As I described in some of my earlier blog posts, landowners and ranch-hands depend upon the revenue produced by raising cows for their livelihoods. As pastures become degraded, people are driven to cut down more forest in order to provide enough grass to maintain the size of their herds. This is exacerbated by the low cost of land in the Amazon and lack of enforcement to limit expansion. This means that, for now, much of the economy is dependent upon increasing rates of deforestation.
And, deforestation is a major driver of carbon pollution (causing roughly 15 percent of annual carbon emissions globally – more than all the trains, planes, cars and trucks). However, there is potential for an exciting and more sustainable future. The Nature Conservancy and our partners are focused on forest conservation and management solutions to the deforestation challenge that also provide economic incentives and alternative livelihoods to local ranchers and their communities.
This type of work is receiving funding and technical assistance from a variety of sources, including government programs, private businesses, non-profit organizations, and other institutions. This assistance is needed to motivate landowners to make the changes needed to reduce deforestation while maintaining their livelihoods.
For example, we are working here in the Amazon to create models for how ranchers can implement improved practices such as pasture restoration and integrated agro-forestry systems that increase agricultural yield on existing pastures and reduce the need to expand into the forest.
Our pilot program in the municipality of São Félix do Xingu will provide an example to the state of Pará and to Brazil for how to count the carbon that is stored in the trees, generate revenue through payments for reducing carbon pollution, and create participatory processes to direct that revenue to places where it will have the most impact. It’s an effort that is just getting off the ground and we have a lot of work ahead of us, but I am excited about its potential to really change the economic realities here on the ground and create a development model that provides livelihoods to local people without destroying the rainforest.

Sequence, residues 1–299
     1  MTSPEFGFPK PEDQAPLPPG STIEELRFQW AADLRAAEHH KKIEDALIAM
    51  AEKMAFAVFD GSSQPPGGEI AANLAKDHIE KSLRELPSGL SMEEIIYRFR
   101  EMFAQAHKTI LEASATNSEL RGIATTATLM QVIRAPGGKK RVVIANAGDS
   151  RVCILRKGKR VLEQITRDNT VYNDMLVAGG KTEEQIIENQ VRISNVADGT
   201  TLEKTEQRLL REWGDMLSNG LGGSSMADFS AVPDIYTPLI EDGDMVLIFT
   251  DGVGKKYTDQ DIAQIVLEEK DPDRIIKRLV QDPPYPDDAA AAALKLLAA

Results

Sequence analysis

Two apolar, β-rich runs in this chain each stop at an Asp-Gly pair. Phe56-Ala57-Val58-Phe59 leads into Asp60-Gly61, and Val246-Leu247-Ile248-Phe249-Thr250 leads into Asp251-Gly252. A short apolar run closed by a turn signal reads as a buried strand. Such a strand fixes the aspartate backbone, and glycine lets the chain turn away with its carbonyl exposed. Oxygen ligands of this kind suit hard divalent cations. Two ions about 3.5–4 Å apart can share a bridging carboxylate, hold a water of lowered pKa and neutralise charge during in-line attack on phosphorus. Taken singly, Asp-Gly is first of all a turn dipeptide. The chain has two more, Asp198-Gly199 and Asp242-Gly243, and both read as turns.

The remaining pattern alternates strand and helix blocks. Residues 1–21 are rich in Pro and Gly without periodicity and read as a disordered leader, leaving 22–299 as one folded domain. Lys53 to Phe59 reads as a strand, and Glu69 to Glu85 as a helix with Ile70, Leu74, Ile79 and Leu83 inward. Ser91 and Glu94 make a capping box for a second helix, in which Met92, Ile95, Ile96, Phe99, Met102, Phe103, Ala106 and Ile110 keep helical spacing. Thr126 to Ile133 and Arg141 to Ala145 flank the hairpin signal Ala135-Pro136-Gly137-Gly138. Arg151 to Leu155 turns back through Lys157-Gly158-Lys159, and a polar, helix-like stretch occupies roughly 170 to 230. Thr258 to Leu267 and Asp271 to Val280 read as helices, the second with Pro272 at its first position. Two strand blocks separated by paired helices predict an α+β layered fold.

If we are successful, perhaps future generations will have a parade, like the bumba-meu-boi parade, that celebrates the story of a rancher’s prized tree — standing tall in the Amazon — that was once cut down but later restored.
Rane Cortez is a forest carbon development adviser at The Nature Conservancy. She has worked for the Conservancy for three and a half years on international policy frameworks for reducing tropical deforestation. She is now working in Northern Brazil on a large-scale pilot program aimed at reducing deforestation in the Brazilian Amazon and providing sustainable livelihoods for local people. Prior to joining the Conservancy, Rane was a Peace Corps Volunteer in the Western Highlands of Guatemala, working on environmental education and protected area management.
Top photo by: Rane Cortez/The Nature Conservancy (Parade-goers eagerly await the arrival of the bull)